We became a well-oiled machine in setting up camp pretty early on. It’s our best skill as a couple. In fact, I only seriously considered dating Tuna Butter once we had gone on a backpacking trip and I saw how well we could camp together. #couplegoalsamiright?
Most evenings Tuna was tasked with building our tent, meanwhile I gathered up our ingredients for dinner and began to cook. Tuna would finish setting up our Big Agnes shelter within five or so minutes, depending on the terrain, and then sit down to take off his shoes. Sometimes he’d get up in his camp shoes to go collect unfiltered water, though we pretty regularly “dry camped” in the desert. Usually, he worked on whatever miscellaneous task needed to be done while I focused on dinner.
Everyday, I poured what was rationed for water into our titanium pot, lit the stove, boiled said water, added spices, oil, and whatever Knorr Side or pasta dish we planned to eat that night. Since our cooking set-up was minimal, I sat by it at all times and babied the pot, preventing the wind from blowing out the flame by blocking it with me body and kept a hand on the handle. Nobody wants spilled dinner.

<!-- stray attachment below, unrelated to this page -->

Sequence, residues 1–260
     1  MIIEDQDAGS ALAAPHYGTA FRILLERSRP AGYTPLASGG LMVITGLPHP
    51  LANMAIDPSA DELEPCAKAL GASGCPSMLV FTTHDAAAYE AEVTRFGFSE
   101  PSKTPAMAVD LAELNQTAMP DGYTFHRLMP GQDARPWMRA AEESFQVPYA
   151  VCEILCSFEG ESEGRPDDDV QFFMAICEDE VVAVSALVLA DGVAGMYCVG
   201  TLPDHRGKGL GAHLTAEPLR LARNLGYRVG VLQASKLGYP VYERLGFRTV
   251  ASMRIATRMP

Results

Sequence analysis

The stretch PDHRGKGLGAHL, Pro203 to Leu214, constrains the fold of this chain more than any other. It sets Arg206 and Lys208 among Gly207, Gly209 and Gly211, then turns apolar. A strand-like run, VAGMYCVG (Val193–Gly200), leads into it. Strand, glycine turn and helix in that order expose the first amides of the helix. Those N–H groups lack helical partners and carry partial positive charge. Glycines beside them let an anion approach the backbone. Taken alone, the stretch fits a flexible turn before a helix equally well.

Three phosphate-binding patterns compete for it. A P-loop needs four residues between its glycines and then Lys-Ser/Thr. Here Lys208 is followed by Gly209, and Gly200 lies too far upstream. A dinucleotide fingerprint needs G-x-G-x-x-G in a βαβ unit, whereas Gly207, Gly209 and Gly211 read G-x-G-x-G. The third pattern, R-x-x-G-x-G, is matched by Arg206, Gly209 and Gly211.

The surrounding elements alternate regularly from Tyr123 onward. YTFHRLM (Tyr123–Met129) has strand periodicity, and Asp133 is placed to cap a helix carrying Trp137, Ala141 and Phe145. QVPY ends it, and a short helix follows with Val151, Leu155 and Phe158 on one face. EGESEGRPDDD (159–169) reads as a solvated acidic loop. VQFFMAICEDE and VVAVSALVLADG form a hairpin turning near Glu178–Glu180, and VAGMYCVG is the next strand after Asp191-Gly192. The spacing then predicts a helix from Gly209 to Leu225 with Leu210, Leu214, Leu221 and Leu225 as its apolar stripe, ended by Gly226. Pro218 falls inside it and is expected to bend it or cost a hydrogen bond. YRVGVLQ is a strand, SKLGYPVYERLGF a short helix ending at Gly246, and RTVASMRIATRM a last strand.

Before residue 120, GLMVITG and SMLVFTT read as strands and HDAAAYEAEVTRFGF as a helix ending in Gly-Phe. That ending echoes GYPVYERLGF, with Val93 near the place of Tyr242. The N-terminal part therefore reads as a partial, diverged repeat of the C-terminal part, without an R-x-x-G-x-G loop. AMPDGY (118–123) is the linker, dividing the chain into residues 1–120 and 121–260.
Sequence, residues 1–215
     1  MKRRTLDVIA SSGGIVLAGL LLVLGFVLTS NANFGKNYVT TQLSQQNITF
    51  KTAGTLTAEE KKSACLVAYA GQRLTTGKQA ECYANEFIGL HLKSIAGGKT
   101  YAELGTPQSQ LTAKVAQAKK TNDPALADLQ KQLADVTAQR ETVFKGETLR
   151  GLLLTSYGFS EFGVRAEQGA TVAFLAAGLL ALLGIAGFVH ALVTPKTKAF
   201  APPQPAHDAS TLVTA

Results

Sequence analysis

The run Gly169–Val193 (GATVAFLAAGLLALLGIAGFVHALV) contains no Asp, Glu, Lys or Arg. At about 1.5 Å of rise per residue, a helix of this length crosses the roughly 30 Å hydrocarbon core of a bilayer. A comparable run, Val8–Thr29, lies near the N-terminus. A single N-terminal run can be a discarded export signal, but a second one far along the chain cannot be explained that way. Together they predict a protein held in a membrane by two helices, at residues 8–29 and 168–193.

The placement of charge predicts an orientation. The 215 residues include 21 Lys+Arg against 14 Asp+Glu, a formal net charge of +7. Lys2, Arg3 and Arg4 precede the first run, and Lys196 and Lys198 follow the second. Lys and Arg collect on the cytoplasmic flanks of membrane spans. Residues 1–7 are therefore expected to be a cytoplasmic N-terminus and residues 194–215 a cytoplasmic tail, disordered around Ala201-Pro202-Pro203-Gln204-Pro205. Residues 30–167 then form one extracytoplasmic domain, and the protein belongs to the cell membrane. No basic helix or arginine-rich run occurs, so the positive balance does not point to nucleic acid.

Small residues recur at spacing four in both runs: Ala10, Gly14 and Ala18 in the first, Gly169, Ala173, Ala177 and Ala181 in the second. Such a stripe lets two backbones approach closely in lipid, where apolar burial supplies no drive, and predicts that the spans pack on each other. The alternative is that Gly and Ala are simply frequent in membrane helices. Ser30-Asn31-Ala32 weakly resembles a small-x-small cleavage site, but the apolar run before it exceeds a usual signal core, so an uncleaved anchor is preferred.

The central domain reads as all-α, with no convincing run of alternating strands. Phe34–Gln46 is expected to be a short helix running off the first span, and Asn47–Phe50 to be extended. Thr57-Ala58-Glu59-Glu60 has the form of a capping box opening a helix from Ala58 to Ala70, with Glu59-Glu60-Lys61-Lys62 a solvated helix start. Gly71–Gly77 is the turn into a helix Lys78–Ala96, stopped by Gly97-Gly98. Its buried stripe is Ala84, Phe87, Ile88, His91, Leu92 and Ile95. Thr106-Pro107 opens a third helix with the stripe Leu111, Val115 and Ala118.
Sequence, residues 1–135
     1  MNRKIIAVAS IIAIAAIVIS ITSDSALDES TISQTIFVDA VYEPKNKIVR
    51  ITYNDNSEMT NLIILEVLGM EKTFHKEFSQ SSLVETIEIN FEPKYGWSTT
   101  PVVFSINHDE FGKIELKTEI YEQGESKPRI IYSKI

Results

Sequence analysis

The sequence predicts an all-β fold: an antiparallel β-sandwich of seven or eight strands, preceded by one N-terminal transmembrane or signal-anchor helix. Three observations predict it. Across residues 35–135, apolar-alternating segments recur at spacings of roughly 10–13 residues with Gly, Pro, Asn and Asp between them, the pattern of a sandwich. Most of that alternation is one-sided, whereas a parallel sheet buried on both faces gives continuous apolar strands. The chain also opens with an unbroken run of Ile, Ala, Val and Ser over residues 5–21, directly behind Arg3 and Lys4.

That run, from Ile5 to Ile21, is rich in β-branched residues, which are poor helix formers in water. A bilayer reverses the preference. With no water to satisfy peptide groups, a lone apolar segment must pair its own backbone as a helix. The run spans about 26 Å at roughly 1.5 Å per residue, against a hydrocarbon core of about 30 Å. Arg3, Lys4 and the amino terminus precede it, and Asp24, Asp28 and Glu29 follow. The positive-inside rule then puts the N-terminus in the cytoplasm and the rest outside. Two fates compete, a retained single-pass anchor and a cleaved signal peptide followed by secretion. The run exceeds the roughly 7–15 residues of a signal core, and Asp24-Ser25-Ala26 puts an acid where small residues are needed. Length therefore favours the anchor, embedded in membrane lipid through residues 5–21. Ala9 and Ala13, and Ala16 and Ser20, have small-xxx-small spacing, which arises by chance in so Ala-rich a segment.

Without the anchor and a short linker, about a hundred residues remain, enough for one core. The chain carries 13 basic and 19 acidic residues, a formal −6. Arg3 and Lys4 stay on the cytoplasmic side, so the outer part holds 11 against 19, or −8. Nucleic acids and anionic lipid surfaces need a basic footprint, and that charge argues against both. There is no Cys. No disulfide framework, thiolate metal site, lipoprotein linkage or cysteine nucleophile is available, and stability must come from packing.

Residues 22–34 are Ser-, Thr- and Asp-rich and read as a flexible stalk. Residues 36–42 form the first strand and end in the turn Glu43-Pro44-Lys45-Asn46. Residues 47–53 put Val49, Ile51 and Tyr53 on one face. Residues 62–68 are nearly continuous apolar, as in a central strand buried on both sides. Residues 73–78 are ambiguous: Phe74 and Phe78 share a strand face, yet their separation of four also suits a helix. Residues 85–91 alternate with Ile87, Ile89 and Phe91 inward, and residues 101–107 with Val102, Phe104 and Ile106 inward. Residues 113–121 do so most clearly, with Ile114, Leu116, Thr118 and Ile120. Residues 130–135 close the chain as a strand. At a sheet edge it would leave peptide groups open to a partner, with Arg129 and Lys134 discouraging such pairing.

After a minute or so of boiling our food, I’d turn the flame off to save fuel and let the pot sit with the lid on for 10-20 minutes as our food absorbed the water. During this time, I went over to the tent to blow up my sleeping pad and lay out my quilt.
Dinner was, arguably, one of the most. wonderful. times. of. the. daaaaaay. In the afternoon, I’d find myself mentally salivating at the thought of whatever we had planned for dinner. A friend recently asked if I ever got bored or sick of dinner. My answer?
Never. Absolutely never. It was our most realistic meal of the day. Everything else was candy bars and saw dust.